To that end, Eady sweeps up and down his poetic register throughout the poem, coming back to Coltrane and then wandering into greater abstraction. Along the way, he captures several striking moments and images. In the fourth section he tries “to imagine that first attempt / on the bandstand … how that first breath / grew wild,” and by putting himself in the position of someone trying to picture how genius happens, how Coltrane managed to see music like no one else before him, Eady gives the reader power (78). He puts himself next to the reader in the audience, nudging her with an elbow to say, “Look at that.” And there are few descriptions of Coltrane’s sound as apt as Eady’s image of a man “shredding decorum, blowing it / across the club / in streamers” (78). Eady’s approach is to match the volume and speed of Coltrane’s notes with an array of angles; rather than attempt to capture Coltrane with a moment, he looks again and again from different perspectives, speaks through different voices, using the tools of the poet to sketch Coltrane’s outline.

In the sixth section, Eady reiterates the fundamentally earth-shattering nature of Coltrane’s quest for that pure sound.

After years
Of exploring
The café standards
At the gigs, in
The studios,
Beautifying
Each and every
possible nuance.
This
Is his only way out:
To decode
What nags
At his breath,
To have his tongue
Own the name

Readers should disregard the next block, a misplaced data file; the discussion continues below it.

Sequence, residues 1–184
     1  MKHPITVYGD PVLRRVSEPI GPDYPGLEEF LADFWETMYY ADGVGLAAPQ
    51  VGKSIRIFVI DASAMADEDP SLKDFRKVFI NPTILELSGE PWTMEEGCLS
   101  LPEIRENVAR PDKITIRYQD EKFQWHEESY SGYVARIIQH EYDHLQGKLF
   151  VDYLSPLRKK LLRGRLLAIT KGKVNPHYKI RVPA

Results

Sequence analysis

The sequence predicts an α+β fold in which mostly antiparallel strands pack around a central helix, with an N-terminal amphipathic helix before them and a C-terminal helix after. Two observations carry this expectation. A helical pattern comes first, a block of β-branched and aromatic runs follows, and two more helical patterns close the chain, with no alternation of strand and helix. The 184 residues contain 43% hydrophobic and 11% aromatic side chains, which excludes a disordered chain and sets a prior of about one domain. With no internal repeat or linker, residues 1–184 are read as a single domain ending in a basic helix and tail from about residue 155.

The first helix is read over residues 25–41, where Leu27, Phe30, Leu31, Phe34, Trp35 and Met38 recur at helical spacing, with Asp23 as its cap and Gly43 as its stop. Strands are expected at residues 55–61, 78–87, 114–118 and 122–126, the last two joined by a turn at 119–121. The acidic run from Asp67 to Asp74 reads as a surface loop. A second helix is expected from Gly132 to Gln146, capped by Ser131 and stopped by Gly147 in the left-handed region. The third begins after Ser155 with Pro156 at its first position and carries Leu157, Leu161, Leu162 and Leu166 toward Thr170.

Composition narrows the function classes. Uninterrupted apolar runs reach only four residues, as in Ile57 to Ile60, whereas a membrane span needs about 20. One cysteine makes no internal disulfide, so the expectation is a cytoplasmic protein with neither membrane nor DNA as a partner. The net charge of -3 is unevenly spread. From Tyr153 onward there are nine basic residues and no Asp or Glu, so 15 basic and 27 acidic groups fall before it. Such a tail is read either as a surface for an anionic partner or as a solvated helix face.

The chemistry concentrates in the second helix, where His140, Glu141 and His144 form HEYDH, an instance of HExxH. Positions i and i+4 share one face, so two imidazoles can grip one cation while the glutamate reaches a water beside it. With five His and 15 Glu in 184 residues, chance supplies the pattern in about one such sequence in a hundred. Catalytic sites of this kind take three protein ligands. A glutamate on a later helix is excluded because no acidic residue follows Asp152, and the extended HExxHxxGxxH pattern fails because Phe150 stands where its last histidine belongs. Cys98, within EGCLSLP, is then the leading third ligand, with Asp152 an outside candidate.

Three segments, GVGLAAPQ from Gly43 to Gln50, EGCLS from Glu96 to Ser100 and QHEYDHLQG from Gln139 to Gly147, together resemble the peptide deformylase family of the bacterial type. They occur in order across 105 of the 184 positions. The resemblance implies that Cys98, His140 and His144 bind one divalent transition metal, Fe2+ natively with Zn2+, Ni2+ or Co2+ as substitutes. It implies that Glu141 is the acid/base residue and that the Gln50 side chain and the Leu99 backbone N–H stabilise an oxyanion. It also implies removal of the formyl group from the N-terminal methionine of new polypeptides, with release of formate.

Of what it chases. (80)

What’s striking in this section is that Eady is not simultaneously trying to do the work of examining what Coltrane means and somehow invoking the sonic effect of Coltrane’s playing. The lines fall in compact couplets, and there’s nothing overtly Coltrane-esque about how Eady uses the language on the page. By tackling Coltrane in a multi-section poem, he’s given himself the space to move in and out of different ways of looking at Coltrane.

The discussion about Coltrane and poetry isn’t a one-way street, though; Coltrane himself explored combining poetry with music. Perhaps that’s another reason poets find themselves drawn so inexorably to him as an artist. In 1964, the John Coltrane Quartet released A Love Supreme, an album-length composition composed of four parts: “Acknowledgement,” “Resolution,” “Pursuance,” and “Psalm.” Michael S. Harper, in his poem “Dear John, Dear Coltrane,” borrows the line chanted by Coltrane in the piece’s first part to anchor his poem, beginning with the words “a love supreme” repeated four times. The moment in “Acknowledgement” when Coltrane’s gravelly, distinctly unmusical voice comes in softly to chant those same words against the tune’s simple, four-note motif is still arresting, even today. Here is, after all, one of the greatest instrumentalists of all time telling us that this chant is important enough to have words attached to it, and Harper channels that weight when he invokes it.